Activation of the 5-HT(6) receptor attenuates long-term potentiation and facilitates GABAergic neurotransmission in rat hippocampus.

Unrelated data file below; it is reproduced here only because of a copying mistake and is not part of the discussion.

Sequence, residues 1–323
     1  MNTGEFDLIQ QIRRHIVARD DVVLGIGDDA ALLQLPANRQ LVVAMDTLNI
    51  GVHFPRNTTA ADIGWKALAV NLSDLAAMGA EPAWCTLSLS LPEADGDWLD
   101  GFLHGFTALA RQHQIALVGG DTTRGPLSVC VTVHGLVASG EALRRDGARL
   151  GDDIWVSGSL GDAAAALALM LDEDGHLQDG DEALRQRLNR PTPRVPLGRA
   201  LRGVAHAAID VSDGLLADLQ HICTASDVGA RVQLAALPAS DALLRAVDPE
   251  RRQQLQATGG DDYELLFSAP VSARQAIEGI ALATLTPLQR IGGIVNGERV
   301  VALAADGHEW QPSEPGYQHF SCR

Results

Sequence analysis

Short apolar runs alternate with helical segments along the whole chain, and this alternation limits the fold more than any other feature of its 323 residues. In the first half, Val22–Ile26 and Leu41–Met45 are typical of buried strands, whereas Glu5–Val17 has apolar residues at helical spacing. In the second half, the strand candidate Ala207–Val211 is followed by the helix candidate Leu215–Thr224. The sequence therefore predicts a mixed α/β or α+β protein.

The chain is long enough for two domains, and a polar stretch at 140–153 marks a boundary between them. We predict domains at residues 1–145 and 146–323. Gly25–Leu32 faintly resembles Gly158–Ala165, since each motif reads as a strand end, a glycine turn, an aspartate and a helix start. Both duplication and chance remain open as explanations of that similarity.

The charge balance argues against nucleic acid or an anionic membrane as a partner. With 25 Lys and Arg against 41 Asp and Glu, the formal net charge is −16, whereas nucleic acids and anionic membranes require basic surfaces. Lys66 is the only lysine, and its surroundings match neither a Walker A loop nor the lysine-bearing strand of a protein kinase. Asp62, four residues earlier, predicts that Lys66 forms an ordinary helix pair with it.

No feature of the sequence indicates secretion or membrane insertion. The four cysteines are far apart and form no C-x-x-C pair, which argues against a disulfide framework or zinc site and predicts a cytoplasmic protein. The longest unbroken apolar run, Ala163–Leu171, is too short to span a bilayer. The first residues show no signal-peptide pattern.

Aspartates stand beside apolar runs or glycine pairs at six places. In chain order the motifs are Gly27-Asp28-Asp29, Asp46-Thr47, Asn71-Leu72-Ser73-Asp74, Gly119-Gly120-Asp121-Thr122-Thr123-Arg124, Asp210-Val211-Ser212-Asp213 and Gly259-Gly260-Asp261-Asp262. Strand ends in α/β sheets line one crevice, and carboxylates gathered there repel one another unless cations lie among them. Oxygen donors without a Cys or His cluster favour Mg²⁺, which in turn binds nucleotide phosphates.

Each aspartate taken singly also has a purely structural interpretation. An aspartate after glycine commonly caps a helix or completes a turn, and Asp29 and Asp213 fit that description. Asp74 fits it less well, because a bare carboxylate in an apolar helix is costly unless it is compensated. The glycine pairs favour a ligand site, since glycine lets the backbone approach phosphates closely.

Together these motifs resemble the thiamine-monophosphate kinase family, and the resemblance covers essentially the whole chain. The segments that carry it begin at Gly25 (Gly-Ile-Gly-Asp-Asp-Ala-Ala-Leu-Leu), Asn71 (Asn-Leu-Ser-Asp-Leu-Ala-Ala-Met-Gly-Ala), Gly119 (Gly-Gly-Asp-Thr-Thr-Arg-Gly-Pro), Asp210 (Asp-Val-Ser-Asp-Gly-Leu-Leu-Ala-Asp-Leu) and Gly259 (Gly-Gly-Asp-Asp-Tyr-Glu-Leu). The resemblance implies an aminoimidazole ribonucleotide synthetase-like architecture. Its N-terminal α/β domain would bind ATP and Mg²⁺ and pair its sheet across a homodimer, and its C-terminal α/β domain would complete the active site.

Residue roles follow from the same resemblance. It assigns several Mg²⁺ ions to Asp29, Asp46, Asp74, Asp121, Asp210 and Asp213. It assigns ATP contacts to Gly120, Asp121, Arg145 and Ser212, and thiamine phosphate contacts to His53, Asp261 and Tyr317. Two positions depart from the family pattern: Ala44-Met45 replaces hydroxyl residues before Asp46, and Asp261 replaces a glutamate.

1. Evidence relating to the role of GABA in the pathogenesis of epilepsy is reviewed. 2. Impaired GABAergic function appears to contribute to seizure susceptibility in a variety of genetically-determined syndromes in animals, e.g. genetically epilepsy prone rats showing sound-induced seizures, gerbils with genetically determined epilepsy, and baboons, Papio papio, with photosensitive epilepsy. 3. In epilepsy secondary to a cerebral insult there is some morphological and biochemical evidence for impaired GABAergic function in experimental situations, but little definitive evidence in man. 4. Pharmacological approaches to enhancing GABAergic inhibition include the use of GABA agonists (or prodrugs), GABA-transaminase inhibition, GABA uptake inhibition, and action at the GABA/benzodiazepine allosteric site. 5. Experimental data suggest that the best prospect for potent anticonvulsant action with fewest side effects (myoclonus, sedation, ataxia) is at present offered by GABA-transaminase inhibitors or novel agents acting on the benzodiazepine receptor site.